Electronic hitchhiker 1: Beginnings
The following is a guest blog entry by David Griffin Brown, aka the Electronic Hitchhiker. He writes about his journey across Canada via ride-sharing and couch-surfing. His goal: use online social networks to open doors into stranger’s homes, to make the stranger a friend. If you have an Experiment you’d like to share with Geez readers, send it to firstname.lastname@example.org .
My first ride-share got me clear across BC.
There were many options on the Vancouver Craigslist board. Kathy’s rideshare ad seemed like the least sketchy option. I couldn’t find her on Facebook, but her email address marked her as an SFU alumna. We traded information over the few days I was in Vancouver. She was in town getting new glasses, seeing some friends, and celebrating her birthday.
She was offering a ride as far as the East Kootenays, and she was open as to the route. She said two Brit girls might be joining us, which would bring the cost down to $30 apiece. Otherwise $60 if they didn’t show, since her gas bill would be $120. The day before we left, she said the other passengers hadn’t been in touch.
Kathy: a middle-aged hippie with pigtail dreads interwoven with tinsel and beads. She wore a black blouse and skirt, black boots and knee-high socks, topped off with a lime green hat. If you looked close, you could see her age — 45 as it turned out. She had the beginnings of jowls, wisps of grey at the temple. But if you only glanced, you could see the younger echoes of her past.
Since I was open as to our destination and timing, Kathy called her friend’s daughter to ask if we could crash at her house in Kelowna. The daughter wasn’t receptive, so we set out for the hostel in Penticton instead.
From Penticton, we set out for Sparwood. On the way, we had great conversations and a few heated disagreements. We stopped in at the Canuck’s training camp. We took a detour through wine country.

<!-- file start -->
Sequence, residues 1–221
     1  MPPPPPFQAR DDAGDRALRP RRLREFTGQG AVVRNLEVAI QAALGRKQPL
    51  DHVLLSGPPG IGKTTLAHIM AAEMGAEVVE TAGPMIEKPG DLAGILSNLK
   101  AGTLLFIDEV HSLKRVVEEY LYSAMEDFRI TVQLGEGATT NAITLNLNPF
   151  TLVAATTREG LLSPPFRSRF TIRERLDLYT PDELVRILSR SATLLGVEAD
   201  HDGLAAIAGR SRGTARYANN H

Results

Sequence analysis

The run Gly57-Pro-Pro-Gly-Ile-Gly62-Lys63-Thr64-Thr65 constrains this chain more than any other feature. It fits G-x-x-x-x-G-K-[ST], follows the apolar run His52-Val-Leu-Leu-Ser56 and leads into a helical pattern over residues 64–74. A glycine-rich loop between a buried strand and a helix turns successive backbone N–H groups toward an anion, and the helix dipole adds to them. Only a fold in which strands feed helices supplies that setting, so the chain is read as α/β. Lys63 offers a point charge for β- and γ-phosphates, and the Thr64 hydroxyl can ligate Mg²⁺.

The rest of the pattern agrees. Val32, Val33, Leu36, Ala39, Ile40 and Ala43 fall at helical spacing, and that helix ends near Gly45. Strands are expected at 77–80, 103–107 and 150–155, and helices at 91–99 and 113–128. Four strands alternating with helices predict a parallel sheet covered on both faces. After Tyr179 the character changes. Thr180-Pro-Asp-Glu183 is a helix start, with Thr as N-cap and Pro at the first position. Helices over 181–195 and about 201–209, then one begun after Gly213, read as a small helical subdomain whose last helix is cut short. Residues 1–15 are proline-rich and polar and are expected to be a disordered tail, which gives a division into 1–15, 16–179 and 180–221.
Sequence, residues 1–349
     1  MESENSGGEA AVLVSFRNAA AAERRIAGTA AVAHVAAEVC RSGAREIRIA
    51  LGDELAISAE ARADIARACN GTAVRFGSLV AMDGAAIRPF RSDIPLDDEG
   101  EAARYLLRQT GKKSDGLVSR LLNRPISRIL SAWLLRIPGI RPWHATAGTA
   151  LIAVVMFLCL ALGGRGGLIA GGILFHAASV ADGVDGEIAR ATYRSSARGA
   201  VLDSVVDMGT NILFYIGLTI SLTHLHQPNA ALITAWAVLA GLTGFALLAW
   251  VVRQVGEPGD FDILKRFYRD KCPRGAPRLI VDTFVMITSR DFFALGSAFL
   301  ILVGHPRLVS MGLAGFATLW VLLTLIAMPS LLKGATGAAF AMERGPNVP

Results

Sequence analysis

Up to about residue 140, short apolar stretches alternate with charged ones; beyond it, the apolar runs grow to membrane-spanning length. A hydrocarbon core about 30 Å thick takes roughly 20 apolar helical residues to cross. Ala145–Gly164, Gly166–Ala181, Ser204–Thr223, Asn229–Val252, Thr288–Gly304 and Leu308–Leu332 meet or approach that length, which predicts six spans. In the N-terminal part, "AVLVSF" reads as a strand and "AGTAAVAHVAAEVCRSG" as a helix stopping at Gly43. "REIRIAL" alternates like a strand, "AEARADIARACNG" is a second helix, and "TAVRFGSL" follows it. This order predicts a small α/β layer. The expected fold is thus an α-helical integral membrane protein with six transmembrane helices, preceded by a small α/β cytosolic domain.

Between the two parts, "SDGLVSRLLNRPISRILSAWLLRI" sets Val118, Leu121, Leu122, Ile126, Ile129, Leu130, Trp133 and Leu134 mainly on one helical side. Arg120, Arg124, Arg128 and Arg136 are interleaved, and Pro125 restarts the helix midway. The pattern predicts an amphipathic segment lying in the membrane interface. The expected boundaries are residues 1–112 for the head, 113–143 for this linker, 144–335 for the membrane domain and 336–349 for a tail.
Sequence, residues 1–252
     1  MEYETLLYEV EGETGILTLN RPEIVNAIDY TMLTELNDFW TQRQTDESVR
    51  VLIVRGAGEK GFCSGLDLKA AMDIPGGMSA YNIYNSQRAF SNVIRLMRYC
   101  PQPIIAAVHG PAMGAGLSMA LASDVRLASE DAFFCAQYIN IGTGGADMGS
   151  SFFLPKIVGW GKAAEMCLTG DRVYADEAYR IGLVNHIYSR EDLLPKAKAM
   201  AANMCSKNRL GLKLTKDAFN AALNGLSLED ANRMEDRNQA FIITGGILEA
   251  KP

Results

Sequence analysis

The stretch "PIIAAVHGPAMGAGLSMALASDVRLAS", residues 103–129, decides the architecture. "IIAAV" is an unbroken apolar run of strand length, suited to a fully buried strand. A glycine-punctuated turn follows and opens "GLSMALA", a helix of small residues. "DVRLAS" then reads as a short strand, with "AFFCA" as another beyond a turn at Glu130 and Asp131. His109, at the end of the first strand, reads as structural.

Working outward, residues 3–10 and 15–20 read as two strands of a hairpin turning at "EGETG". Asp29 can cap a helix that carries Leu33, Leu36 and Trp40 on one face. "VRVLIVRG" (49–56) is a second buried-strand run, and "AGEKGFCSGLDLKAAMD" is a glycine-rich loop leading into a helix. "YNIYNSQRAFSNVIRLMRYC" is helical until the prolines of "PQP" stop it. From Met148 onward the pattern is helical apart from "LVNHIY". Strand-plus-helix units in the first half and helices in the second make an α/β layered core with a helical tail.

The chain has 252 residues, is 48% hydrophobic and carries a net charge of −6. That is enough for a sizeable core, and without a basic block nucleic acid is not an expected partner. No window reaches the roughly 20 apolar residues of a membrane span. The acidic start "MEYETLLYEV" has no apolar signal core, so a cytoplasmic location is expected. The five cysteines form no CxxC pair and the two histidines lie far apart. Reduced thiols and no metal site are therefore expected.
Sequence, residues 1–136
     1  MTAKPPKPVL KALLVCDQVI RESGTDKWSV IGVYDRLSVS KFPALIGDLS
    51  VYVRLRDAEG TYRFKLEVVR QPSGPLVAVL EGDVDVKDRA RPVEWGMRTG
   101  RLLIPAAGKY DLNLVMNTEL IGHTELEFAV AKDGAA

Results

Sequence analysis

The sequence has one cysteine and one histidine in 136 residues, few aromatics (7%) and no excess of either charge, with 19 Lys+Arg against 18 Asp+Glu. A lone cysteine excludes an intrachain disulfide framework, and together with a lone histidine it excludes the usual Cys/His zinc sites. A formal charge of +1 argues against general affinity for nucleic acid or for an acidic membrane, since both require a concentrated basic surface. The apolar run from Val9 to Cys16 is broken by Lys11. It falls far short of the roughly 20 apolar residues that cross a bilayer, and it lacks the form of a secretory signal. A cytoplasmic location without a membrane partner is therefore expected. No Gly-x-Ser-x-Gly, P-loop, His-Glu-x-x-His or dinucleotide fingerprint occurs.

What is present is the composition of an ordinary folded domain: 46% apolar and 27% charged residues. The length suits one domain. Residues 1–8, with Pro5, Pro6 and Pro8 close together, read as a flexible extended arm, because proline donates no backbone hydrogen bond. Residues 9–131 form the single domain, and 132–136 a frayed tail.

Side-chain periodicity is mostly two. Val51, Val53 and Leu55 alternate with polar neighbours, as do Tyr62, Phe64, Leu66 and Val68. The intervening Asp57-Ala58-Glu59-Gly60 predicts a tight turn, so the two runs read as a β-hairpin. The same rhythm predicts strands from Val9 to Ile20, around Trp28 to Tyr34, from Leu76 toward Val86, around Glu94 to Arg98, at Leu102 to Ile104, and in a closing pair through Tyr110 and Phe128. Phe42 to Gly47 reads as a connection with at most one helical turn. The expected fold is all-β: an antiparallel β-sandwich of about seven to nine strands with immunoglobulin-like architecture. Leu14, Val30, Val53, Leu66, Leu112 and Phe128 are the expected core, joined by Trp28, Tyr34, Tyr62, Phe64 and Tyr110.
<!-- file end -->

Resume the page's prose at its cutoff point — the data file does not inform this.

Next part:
We sailed over the last mountain pass into an abyss of charcoal sky, glittering snow and pitch mountain lips yawning over the rush of forest. The hostel in Fernie wasn’t an option; we’d arrived far too late. Kathy told me not to worry and invited me to crash at her apartment. Sparwood came up dark and quiet. Rain devoured the Earth.
Kathy led me into her cluttered apartment and set me up on the couch. She gave me towels for the morning and keys so I could come and go. I thanked her, said goodnight, and slept instantly.
When I awoke, Kathy was gone to work, as was her roommate. She left me a note inviting me to make myself at home and make breakfast. She said she would be home at 5:30 and we could tour the countryside.
I wrote a note in response to thank her for the ride, for her conversation and insight, and for her hospitality. I showered, looked up the transit schedule for a ride back to Fernie, and strapped into my monster backpack. As I double-checked that I had all my gear, Kathy’s phone rang. After the fourth ring her archaic answering machine spurred to life. I stood on her threshold listening to the recorded message.
“You have reached Kathy Brenson. Sorry I can’t come to the phone right now. Before you record a message, let me leave you with this thought: Life isn’t about waiting for the storm to pass; it’s about dancing in the rain.”
Stay tuned for the next installment of the Electronic Hitchhiker journey across Canada.